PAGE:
Recycling production at a quarry in Eversley will increase by five times.

Waste management company R Collard has been given permission to boost production at Warren Heath Recycling Facility site in The Welsh Drive.

The gravel and mineral plant was given the thumbs up by Hampshire County Council’s regulatory committee. MP Sir Gerald Howarth will officially mark the expansion with a ribbon-cutting ceremony on March 7.

The changes will mean that up to 250,000 tonnes of construction, demolition and excavation waste can be processed each year, instead of the previous limit of 50,000 tonnes.

Eversley Parish Council expressed reservations about the expansion and councillors’ worries about increased traffic remain.

Philip Todd, chairman of the parish council, said: “All vehicles travelling north into Berkshire will have to come into Eversley, so it will affect residents.

“Whether the vehicles go through The Street or Bramshill, these roads are not suitable for heavy high goods vehicles.”

He said that a five-fold increase in heavy goods vehicles associated with this recycling operation would impact on the ‘quality of life of residents’ due to the noise of traffic, safety of pedestrians and impact on conservation areas and listed buildings.

“The council needs to find suitable sites for recycling. Somebody had to suffer, so unfortunately it is us.”

Fellow parish councillor Chris Young echoed Cllr Todd’s opinion.

He said: “I am a little bit disappointed as it will bring in more traffic. It is a concern for us and as a result we have approached R Collard to see if they are prepared to support the 30mph speed limit through the village.

“If we can get them on our side, it will hopefully keep speeds down in Eversley.”

R Collard, established 17 years ago by Robert Collard, has developed as a multidiscipline business, offering demolition, remediation and waste management solutions for contractors and property developers.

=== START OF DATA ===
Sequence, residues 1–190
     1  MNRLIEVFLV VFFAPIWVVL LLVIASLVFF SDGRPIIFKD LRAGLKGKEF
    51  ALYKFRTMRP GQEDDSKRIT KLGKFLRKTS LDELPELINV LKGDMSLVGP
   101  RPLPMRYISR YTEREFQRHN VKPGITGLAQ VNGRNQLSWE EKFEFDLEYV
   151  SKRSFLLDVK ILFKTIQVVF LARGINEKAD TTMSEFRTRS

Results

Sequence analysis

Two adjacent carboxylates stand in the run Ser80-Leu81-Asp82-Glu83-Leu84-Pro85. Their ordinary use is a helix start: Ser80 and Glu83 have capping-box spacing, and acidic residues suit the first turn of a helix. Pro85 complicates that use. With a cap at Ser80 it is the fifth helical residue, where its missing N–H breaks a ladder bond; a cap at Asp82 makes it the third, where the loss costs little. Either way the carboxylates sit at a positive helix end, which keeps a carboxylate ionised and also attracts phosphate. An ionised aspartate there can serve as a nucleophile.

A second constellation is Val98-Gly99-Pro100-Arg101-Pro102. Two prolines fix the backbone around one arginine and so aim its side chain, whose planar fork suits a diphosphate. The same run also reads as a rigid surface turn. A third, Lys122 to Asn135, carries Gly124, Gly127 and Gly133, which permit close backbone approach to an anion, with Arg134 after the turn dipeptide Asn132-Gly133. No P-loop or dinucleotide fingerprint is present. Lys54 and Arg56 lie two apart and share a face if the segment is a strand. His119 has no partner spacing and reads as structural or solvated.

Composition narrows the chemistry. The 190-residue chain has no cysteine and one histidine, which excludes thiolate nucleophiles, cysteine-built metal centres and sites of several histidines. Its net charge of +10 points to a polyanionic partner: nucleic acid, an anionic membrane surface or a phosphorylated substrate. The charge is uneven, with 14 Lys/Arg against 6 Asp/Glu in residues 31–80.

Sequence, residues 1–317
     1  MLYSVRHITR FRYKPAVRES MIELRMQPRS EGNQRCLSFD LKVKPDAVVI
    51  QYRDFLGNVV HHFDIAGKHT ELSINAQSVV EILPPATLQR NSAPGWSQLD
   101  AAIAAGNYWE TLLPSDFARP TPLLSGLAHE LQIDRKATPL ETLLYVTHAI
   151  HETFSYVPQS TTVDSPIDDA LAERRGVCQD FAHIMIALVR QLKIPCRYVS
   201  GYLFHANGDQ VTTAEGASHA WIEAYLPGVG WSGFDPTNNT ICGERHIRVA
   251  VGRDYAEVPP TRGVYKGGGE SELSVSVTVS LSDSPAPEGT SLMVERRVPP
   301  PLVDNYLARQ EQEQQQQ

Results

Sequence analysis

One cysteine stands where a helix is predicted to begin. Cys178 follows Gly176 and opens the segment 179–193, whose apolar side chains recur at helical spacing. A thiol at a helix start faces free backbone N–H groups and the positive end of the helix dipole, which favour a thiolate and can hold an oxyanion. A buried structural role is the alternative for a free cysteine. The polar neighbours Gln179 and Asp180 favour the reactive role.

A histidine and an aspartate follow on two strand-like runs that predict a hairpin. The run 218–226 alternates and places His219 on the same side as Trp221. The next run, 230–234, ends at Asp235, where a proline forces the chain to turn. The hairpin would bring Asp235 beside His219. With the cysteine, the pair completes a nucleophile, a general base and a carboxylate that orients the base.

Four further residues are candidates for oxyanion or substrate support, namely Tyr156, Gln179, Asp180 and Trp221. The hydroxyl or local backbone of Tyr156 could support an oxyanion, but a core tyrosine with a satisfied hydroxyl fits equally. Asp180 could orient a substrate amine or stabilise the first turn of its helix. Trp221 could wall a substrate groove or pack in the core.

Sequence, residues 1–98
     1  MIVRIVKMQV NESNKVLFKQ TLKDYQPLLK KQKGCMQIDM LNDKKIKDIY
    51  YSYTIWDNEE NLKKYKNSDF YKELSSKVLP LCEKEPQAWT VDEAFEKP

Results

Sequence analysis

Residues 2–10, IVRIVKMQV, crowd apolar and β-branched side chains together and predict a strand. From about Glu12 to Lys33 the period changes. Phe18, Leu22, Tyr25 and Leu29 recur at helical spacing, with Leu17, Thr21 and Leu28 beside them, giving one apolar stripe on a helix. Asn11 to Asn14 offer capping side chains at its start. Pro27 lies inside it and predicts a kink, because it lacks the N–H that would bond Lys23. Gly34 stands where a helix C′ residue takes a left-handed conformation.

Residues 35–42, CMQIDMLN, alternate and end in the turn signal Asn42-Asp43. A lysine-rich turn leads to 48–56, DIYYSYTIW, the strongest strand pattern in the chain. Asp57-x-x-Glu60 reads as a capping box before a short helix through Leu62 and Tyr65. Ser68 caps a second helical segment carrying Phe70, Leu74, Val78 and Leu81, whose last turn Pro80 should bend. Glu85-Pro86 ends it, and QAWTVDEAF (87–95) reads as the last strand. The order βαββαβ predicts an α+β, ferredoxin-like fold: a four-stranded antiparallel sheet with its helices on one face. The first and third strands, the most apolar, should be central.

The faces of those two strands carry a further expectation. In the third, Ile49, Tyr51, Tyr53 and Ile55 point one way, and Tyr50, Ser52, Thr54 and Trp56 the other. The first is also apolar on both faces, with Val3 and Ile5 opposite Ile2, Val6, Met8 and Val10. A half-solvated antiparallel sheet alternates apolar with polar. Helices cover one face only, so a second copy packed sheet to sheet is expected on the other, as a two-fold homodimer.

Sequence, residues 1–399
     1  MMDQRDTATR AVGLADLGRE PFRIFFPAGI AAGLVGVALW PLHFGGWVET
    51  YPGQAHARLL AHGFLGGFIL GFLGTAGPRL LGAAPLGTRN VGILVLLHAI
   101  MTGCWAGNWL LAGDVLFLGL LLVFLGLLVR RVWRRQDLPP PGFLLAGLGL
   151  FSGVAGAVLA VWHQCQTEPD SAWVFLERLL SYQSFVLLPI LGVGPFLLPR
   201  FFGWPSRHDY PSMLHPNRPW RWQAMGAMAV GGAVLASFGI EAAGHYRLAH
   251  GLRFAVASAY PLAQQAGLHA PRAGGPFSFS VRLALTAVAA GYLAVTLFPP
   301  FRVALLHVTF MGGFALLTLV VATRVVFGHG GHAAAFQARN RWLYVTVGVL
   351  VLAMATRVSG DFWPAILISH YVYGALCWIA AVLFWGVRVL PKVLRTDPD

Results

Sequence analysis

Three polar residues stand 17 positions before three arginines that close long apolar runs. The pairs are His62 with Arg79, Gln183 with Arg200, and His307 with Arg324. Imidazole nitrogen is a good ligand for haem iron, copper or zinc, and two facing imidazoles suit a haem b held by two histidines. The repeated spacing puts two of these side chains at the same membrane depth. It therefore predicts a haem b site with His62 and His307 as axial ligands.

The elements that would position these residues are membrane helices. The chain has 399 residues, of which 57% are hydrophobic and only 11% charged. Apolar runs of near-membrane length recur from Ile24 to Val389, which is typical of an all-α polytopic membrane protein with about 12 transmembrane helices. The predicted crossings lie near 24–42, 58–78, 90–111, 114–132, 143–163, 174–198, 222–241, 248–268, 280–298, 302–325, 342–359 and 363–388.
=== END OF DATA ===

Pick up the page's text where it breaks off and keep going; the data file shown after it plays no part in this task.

Hampshire needs to provide 30 million tonnes of material by 2030 to meet the sand and gravel requirement of 1.56m tonnes per year.

Any future applications for development is now determined on the basis of the policies within the Hampshire Minerals and Waste Plan, which was adopted in October last year.

Despite objections, the Warren Heath Recycling Facility was considered by the county council as a suitable site to help meet this target.

In a report by Katherine Snell, on behalf of county council planning, she said: “Hampshire Minerals and Waste Plan makes provision for development if the nature of the development requires an isolated location in the countryside.

“As the site requires a large amount of land and the scale and nature of the waste processes would not be appropriate near houses or other sensitive receptors, it is considered that the countryside location is acceptable.”

A number of conditions were attached to the approval given last week – no NGVs are allowed to enter or leave the site and no plant or machinery is allowed be operated except between 7.30am and 6pm Monday to Friday and 7.30am and 1pm on Saturday.

No work is allowed to take place on Sundays or recognised public holidays.

A spokesman for R Collard said the firm was ‘very pleased’ to have got permission, adding: “This enables us to continue our huge investment in the latest and most environmentally friendly plant and helps us to become a market leader in innovative waste recycling of secondary aggregates.”